Ask the Expert

Gene Williams, President, Optima Chemical Group

Gene Williams is President of Optima Chemical and Group and a member of SOCMA’s Board of Governors. Williams is also active in his community, with Optima donating $30,000 last year to help establish a Boys and Girls Club in Douglas and Coffee County, GA. He has also served as President of the local Rotary Club, been on the Board of Directors for Junior Achievement and is an industry segment liaison for the Georgia Chamber of Commerce. He holds a bachelor’s degree in architectural engineering from Southern Polytechnic/Georgia Institute of Technology and has a master of science degree in engineering management from the University of Tennessee.

Q&A

How or why did you become involved in the specialty chemical industry and how long have you been a part of the industry? We started our company in 1990 to provide a performance product to the U.S. Department of Energy (DOE). Using that business, technology and relationship platform, as well as networking opportunities, references and recommendations, we found applications for our chemistry and manufacturing expertise in a variety of industries. Today, we serve very diverse markets with a variety of products and custom manufacturing services.

Starting our business based on a relationship with the U.S. DOE helped discipline our organization in many ways, but most importantly, it helped our Quality and Management of Change systems. As a supplier of Nuclear Quality Assurance Level 1 materials, the discipline required molded our organization from its inception and has served as a great foundation to build our organization as we’ve grown over the years.

What do you think are the most pressing challenges facing the specialty chemical industry and what solutions do you recommend for addressing them? Regulatory uncertainty makes long-term strategic planning more challenging. Without clear direction of where the target is, we are much like archers with blindfolds. I would encourage all of my peers in the industry to become actively involved in Government Relations. SOCMA offers tremendous support in this area for all size companies, but particularly for smaller companies without a GR staff. SOCMA keeps members informed of legislative activity and changes on the Hill that can affect issues important to the industry, organizes annual Washington Fly-Ins where we can meet with our legislative representatives, and provides other support functions as well. My advice is get involved and let your Congressmen and Senators know first-hand about the issues you face and how they impact your ability to grow and sustain your business and jobs.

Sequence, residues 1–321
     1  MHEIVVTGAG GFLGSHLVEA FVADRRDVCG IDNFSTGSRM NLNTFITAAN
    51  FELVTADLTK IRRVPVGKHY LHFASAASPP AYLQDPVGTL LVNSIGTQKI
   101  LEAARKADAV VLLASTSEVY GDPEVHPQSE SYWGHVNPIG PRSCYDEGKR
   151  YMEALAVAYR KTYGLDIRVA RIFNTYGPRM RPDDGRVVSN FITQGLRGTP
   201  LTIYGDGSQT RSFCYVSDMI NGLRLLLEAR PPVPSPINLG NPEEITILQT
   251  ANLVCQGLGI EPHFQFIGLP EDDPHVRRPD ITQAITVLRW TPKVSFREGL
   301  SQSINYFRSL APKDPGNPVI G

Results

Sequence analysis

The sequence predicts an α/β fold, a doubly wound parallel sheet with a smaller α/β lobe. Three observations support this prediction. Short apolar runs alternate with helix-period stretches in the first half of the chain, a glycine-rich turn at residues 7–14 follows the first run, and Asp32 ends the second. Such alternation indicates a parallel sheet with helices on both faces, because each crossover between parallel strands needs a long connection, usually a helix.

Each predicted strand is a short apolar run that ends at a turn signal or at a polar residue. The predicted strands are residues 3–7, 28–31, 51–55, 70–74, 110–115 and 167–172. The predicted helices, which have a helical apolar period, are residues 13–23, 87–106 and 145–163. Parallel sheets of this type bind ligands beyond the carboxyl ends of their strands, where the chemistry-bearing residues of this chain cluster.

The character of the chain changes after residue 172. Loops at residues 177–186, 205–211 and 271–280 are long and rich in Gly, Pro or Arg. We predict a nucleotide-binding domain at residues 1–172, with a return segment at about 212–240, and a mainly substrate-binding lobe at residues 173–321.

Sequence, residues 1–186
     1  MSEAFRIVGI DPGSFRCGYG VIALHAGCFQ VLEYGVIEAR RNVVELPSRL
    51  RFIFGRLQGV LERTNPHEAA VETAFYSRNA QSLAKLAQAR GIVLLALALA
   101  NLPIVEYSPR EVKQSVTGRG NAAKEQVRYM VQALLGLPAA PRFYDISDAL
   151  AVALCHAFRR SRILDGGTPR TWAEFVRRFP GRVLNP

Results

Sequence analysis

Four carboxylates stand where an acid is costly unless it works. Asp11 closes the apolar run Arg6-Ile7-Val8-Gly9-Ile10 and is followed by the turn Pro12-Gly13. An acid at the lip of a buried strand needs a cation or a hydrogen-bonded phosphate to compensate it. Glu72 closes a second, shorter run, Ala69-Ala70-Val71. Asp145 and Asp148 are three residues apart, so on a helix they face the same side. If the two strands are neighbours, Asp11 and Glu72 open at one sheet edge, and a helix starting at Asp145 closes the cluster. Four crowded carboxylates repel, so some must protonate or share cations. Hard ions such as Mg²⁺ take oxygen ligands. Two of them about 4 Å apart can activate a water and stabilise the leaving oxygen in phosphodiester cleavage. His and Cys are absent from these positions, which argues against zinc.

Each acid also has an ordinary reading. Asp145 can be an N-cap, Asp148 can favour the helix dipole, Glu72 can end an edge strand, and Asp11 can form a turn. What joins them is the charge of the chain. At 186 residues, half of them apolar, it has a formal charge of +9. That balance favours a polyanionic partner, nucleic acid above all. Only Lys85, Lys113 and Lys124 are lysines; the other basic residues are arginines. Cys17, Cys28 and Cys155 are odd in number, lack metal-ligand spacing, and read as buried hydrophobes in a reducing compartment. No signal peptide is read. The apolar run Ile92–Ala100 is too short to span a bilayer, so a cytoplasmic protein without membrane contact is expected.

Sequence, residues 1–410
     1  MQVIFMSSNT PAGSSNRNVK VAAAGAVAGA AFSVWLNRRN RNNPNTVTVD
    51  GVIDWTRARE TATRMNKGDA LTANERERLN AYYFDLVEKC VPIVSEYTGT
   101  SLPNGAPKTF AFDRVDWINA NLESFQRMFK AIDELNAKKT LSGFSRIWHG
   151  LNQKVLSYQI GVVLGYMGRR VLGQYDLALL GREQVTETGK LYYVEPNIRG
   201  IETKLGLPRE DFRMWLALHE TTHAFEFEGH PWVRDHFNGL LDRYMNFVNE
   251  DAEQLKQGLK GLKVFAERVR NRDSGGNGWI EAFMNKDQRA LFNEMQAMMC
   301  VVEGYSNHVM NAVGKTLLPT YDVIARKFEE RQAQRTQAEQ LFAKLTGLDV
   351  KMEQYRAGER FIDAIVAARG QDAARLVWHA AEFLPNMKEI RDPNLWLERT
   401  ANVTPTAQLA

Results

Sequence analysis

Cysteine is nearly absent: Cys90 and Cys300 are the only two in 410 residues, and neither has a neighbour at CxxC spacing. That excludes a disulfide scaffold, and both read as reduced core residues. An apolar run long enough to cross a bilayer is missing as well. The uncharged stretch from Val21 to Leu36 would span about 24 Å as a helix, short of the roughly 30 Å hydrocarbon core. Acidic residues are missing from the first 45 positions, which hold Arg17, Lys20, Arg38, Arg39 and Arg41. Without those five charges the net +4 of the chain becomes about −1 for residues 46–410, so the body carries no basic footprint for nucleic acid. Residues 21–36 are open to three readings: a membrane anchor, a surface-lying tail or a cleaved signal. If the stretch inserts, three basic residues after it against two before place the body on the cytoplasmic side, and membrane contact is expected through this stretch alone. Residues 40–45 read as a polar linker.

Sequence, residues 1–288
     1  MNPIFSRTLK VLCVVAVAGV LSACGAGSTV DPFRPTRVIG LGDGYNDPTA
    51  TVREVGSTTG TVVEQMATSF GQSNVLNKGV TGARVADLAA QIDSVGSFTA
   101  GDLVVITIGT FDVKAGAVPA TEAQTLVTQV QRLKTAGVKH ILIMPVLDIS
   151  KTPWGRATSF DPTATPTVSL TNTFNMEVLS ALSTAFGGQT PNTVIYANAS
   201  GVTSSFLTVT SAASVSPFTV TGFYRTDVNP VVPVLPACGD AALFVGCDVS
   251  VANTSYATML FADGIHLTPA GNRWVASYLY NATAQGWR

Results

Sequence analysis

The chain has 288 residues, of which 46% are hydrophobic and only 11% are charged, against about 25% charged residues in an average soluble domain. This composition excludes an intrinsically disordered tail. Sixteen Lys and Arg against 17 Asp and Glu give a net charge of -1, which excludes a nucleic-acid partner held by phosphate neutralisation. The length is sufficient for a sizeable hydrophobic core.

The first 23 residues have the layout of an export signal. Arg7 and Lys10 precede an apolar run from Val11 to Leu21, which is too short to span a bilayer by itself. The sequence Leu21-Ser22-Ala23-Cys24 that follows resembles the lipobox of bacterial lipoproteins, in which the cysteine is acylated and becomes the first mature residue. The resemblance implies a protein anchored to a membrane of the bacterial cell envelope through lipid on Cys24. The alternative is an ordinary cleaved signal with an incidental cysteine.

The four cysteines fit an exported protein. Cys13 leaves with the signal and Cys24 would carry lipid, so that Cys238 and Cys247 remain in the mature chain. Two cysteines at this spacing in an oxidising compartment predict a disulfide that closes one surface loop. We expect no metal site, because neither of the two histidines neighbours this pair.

Do you think there should be common goals within the industry? If so, what would those goals be? We absolutely have many common goals as an industry. Among the highest of priorities is maintaining world-class environmental, health, safety and security (EHS&S) performance. Everything about our business – employees, customers, chemistry, etc. – is a stewardship responsibility. Regardless of regulatory requirements, we have a moral responsibility to insure we have continual, systemic and effective efforts to constantly improve our performance in EHS&S. All who depend our industry, directly or indirectly, should expect no less. Once again, SOCMA is a tremendous resource in this area. I would strongly encourage anyone not familiar with the support SOCMA can offer in the EHS&S areas to learn more about this program.